Time for another Free Write Friday post, hosted by the lovely Miss Kellie Elmore
Here is your FWF prompt:
Tell me about this girl…
It was almost closing time when she came in, the kitchen was already closed, as it was minutes past midnight, and there was only one or two tables left.
“Sorry miss, kitchen’s closed.” I said as she walked over to the corner booth.
“I just want tea,” she said, her eyes on the table, her words so soft I had to lean in to hear them.
I walk to the counter and make the tea, tired after 12 hours on my feet, and I look at her while the water boils. Her waist length black hair is hanging like a curtain around her, shielding her from the world, her thin frame is hunched over the table, bundled up in jackets.
Then she looks up, and the world stands still. Her eyes are soft grey, and sad, the kind of sad that makes you want to cry along. She makes eye contact very briefly and looks away into the corner, so intrigued by the piece of wall, I had to look over to make sure there wasn’t another world over there.
“Here’s your tea, miss.”
I put the tea down, a bit harder than necessary and a few drops spills out, drips onto her hand. But she doesn’t even flinch, or react at all. Then I notice all the other marks on her hands, cuts, burns, blister, rope burns. She is still looking at that piece of wall, like there is a movie playing just for her.
“What are ya lookin’ at?” I ask before I can stop myself.
She looks up to me, straight into my eyes, and I feel my heart beating faster, the eye contact is holding, more than just a few seconds this time.
“Don’t you see it?” She replies, that same soft voice, making me lean in to hear the words.
“What?” I ask, confused.
Then she shakes her head, just slightly, and looks up to me again, “Thank you for the tea.”
I walk away slowly, not sure what just happened, or what I will do if I stand around any longer.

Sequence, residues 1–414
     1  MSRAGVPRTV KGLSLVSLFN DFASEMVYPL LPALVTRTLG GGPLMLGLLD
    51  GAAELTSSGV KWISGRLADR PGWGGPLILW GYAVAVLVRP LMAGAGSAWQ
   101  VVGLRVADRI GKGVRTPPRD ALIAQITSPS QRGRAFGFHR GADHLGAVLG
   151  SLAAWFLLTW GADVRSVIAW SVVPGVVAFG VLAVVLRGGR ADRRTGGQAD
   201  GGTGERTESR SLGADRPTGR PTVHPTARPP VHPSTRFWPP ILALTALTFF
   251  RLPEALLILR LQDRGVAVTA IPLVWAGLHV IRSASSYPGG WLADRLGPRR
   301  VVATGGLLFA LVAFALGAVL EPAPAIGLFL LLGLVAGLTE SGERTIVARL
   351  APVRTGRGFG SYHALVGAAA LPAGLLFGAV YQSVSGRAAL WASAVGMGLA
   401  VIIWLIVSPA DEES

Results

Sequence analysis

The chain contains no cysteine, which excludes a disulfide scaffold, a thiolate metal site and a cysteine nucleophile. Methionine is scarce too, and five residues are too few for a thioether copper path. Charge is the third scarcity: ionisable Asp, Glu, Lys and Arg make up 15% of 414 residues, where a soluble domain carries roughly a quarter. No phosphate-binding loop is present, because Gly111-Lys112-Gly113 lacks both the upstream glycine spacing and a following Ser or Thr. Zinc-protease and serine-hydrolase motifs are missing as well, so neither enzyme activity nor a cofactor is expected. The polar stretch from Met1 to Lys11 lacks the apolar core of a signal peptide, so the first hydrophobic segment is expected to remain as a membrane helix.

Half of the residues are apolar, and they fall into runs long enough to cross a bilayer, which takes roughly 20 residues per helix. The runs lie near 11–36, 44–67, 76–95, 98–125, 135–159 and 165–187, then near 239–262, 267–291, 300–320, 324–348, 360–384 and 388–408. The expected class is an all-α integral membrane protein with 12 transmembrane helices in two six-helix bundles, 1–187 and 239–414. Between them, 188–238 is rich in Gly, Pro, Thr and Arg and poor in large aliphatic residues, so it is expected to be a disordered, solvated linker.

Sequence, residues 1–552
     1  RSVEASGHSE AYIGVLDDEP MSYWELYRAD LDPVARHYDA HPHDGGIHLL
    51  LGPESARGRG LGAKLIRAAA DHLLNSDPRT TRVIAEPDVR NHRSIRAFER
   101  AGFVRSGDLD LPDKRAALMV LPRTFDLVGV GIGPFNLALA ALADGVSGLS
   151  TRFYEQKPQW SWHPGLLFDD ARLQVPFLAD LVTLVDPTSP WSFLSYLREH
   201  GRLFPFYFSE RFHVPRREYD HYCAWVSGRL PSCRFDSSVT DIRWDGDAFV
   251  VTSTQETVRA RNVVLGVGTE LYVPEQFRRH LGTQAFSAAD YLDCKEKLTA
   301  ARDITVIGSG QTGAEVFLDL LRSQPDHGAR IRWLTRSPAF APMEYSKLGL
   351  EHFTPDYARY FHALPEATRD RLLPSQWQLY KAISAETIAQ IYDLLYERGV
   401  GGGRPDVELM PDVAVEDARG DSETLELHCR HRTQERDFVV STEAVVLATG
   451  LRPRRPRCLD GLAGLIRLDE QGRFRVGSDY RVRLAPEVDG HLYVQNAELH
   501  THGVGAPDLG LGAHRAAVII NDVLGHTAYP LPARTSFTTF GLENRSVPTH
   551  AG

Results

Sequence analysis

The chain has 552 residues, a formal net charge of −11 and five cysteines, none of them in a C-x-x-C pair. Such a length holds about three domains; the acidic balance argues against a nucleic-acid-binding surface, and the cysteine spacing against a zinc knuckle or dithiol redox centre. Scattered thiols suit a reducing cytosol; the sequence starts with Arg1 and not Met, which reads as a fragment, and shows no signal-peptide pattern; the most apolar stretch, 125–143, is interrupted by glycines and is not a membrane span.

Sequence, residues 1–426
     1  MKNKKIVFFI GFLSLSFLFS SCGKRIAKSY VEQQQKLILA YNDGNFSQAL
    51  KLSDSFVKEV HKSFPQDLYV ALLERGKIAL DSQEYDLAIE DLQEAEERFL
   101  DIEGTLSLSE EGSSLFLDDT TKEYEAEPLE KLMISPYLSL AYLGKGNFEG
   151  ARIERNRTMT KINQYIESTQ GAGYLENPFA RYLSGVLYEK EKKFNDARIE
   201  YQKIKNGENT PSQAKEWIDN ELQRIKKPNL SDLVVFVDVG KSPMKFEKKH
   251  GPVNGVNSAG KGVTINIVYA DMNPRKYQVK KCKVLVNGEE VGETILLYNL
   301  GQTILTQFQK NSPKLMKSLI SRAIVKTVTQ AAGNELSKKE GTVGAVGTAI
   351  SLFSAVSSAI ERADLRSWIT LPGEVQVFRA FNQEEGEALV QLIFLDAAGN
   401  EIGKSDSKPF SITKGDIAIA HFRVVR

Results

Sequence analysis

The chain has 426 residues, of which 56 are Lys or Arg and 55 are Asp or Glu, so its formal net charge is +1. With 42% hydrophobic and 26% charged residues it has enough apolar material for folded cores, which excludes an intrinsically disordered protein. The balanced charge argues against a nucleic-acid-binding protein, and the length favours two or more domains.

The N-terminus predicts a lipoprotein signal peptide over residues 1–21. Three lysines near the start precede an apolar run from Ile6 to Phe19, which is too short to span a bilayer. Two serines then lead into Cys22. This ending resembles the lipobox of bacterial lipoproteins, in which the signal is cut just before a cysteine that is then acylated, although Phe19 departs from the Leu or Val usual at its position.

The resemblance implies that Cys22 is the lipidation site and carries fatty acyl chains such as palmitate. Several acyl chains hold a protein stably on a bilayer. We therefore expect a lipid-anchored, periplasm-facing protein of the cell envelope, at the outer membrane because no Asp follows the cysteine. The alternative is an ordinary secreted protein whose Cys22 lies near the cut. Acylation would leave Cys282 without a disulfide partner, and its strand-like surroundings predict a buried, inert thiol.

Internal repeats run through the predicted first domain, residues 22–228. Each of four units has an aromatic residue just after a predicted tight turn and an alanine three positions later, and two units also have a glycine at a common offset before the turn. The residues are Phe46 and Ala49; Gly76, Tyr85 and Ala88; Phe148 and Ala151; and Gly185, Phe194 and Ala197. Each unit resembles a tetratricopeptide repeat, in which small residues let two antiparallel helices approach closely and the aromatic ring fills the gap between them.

“Do you know her?” I ask the shift manager, leaning against the counter on her elbows
“Ethan, dear boy, don’t.”
“What??” I ask, offended.
“She does this, makes people fall for her, with that sad eyes, and that breaking vulnerability, but she’s fierce, and weird, and a little bit crazy.”
“Aren’t we all?”
“Tsk, tsk, tsk, you’re already in there… all the way. She’s bad news.”
I shake my head at Clare’s silliness and walk over to Grey Eyes again, “ya still all right over here?”
She looks up, there’s the eye contact again, “perfect… Just lonely. Sit?”
I can hear the question mark after the word, but the look in her eyes is making it feel like an order. I look around the cafe and notice that all the other tables left. I sit down, slowly, afraid I might startle her. She looks like a dove that could scatter with a single pebble thrown at her.
“You don’t see it do you?”
She looks at me, but not like before, almost past me, to another world, another universe. Her eyes get really big, horribly big as she sees something, only she can see, just over my shoulder.
“See what?” I ask, imitating her soft voice, once again, scared of startling her.
“All the souls… Hanging out here… They want to go… But they don’t know where… I should help them… I tried… That’s why… They needed an out… I was helping…” She’s talking in short, nonsensical sentences.
Then she touches my hand and look up into my eyes. For a second it was just her and me and then as she blinked, the whole cafe filled with people. Not people, actually, these semi-solid floating figures. All sad, some still suspended in the act that caused their death, others just hanging, not sure what to do, where to go.
I look at Grey Eyes, and turn around, trying to look for Clare, but I can’t see anything through the figures.
“Why do you see them? Why do I see them?”
She looks at me, her head cocked to one side, like she’s trying to understand my question and then her reply comes, almost inaudible.
“Because I killed them…”
This was one of those stories that started as one thing, and then escalated, very quickly in to something else with no control…
It’s not my best work, but I was just sick of writing love stories, and I wasn’t in the mood to write a tragic story. So I made her a murderess… I might just be certifiable after all =]